Welcome!

TurnKey Mortgages - The key to completion

TurnKey Landlords

Subscribe to TurnKey Landlords: eMailAlertsEmail Alerts
Get TurnKey Landlords via: homepageHomepage mobileMobile rssRSS facebookFacebook twitterTwitter linkedinLinkedIn


Related Topics: Government News, Construction News

Blog Feed Post

Buying a new rental property

Buying a new build to let out?

Despite bad economic conditions, the UK's private rental sector is outperforming many other investments. On the whole, the government is pleased with it, and wants to see more growth.

‘Build to let’ is a term which refers to the building of new developments specifically for buy to let investment rather than owner-occupation. The announcement last year of a £200 million build-to-let fund means that many such developments might be finding their way into the market in the next couple of years.

Many of us will be thinking, then, about buying new build rental properties. But what are the positives and negatives, and how should we go about it?

The pros of buying new build

The pros of buying new build seem clear:

  • The house is… well, new, and so it shouldn’t require any major repairs for at least a couple of years.
  • The property is likely to be a good energy performer, with decent insulation, double glazing and energy efficient systems.
  • The transaction is ‘chain-free’. The seller is a developer who doesn’t need to buy another property themselves, so they’re not going to pull out because their own purchase falls through.
  • The home is a blank canvas. Depending on how early you exchange contracts, you can dictate pretty much anything – bathroom tiles, cupboard doors, doorbell jingle – making it easy to tailor the home to your perfect tenant.

The cons of buying new build

The cons, as you might expect, are less obvious.

  • Lenders’ requirements for new build funding are generally stricter. You might be limited to a particular postcode or development, you might be required to give information on the type of building and construction, and you’ll almost certainly need a larger deposit.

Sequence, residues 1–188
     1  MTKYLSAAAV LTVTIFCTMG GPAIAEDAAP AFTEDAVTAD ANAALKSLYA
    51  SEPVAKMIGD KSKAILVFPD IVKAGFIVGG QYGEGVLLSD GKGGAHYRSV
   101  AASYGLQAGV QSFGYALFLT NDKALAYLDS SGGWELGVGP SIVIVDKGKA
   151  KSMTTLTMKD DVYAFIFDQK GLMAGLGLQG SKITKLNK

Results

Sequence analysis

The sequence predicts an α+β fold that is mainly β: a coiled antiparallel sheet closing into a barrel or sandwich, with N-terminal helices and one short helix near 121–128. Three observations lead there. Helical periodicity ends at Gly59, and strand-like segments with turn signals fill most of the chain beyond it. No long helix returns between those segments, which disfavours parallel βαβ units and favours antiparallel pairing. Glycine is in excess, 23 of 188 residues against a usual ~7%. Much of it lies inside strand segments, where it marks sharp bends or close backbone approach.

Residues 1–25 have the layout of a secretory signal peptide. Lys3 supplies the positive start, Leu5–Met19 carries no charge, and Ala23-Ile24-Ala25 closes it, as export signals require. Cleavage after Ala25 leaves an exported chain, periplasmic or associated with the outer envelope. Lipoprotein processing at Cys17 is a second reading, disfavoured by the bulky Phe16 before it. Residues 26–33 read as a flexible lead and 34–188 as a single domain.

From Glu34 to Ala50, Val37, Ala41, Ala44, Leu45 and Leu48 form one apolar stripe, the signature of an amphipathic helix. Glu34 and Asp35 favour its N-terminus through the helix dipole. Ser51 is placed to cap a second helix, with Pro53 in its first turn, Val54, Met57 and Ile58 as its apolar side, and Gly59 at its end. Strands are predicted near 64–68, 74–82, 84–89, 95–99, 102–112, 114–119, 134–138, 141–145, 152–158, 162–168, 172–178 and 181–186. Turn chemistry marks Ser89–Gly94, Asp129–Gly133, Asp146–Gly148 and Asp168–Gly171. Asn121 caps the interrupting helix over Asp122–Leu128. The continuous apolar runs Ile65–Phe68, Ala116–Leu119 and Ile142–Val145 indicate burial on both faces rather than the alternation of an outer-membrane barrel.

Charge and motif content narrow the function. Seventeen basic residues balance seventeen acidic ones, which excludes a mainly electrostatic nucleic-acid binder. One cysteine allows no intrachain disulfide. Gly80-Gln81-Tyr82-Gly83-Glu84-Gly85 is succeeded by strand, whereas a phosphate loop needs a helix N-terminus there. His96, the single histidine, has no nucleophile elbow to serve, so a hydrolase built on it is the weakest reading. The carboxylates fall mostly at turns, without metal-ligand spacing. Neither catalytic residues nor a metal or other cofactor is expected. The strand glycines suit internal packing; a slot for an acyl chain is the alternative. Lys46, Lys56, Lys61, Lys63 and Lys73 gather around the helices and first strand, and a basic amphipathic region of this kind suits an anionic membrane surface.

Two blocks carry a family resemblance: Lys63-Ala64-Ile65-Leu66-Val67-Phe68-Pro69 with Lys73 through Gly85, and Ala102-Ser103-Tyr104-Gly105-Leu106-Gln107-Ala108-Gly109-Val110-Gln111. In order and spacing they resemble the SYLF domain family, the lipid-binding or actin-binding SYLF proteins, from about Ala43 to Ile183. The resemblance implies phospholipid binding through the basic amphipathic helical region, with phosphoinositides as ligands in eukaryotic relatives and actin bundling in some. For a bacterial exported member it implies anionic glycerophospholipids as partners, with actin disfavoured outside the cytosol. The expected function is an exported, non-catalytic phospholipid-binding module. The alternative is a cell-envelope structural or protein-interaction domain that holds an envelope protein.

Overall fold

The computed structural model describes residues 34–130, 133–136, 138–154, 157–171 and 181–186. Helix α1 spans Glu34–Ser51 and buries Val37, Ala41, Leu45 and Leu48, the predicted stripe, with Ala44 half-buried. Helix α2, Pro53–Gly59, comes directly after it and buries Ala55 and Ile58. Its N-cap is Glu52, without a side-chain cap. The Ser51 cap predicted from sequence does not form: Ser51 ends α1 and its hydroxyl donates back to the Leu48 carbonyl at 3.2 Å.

• The property is ‘on notice’. The developer can’t guarantee when it will be finished, and you’re at the mercy of the building schedule. Completion might not happen until a long while after contracts are exchanged.

New build has two other pretty big problems associated with it:

…it tends to be small

In September 2011, RIBA (the Royal Institution of British Architects) released a report called the Case for Space: the size of England’s new homes. In it, they claimed that the average new property was 8% short of the recommended minimum size.

To clarify, the recommended minimum size is according to the London Housing Design guide. The guide is the only one of its kind in the country, and its recommendations still fall quite short of others in Europe – 50 square metres for a two-person, one bedroom flat, for instance. That will leave your tenants sorely lacking elbow room.

…it tends to be expensive

Remember the kid in school who never opened their new action figures because they’d instantly lose their value? Well, homes (sort of) work the same way.

Simply by virtue of having been lived in, a property loses value. Something called a ‘new build premium’ is added to a new build property in anticipation of that lost value, and it can be hefty. The worst thing about a new build premium is that there is no definite percentage, as there’s no way of saying how much value a home will lose.

Tips for buying new build

I’m not going to sugar-coat it – new build probably isn’t for inexperienced investors, and it definitely isn’t for those without a good amount of capital to invest from the outset.

If you want to invest in a new build property, remember the following:

  • Make sure the property is big enough for your tenants. Ask for measurements and floor plans, and don’t be fooled by the use of undersized furniture in the show-home (yes, this is a common trick!).
  • Be wary that a lot of features you’d expect a property to have are actually optional extras for a new build. This might include bathroom fixtures (toilet paper holders and towel rails), telephone connections, light fittings and even flooring. Find out which essentials will cost you extra.
  • A lot of mortgage offers have an expiry date, often six months after the offer is made. Ask for a ‘longstop date’ before this expiry date – if the mortgage still hasn’t completed before this date, you can withdraw without penalty.
  • ‘Snag’. This means scour the completed house for any small faults, much as you might with an inventory – this could be cracks in the plaster, doors that don’t shut properly, loose fittings, etc. If you aren’t very thorough or observant, take a friend or hire a snagging company (or better yet, ask if the developer does it themselves). Make sure any issues are sorted before completion so you can rent the property out as soon as possible.
  • Make sure that the developer is part of the NHBC (National House-Building Council).

Once you've chosen your new build buy to let property, you'll need a buy to let mortgage! Get a free quote from TurnKey Landlords

More Stories By TurnKey Landlords

Amelia Vargo is an online marketing executive for CT Capital. Amelia writes for Turnkey Mortgages, Turnkey Landlords, TurnKey Bridging, TurnKey Life and Commercial Trust.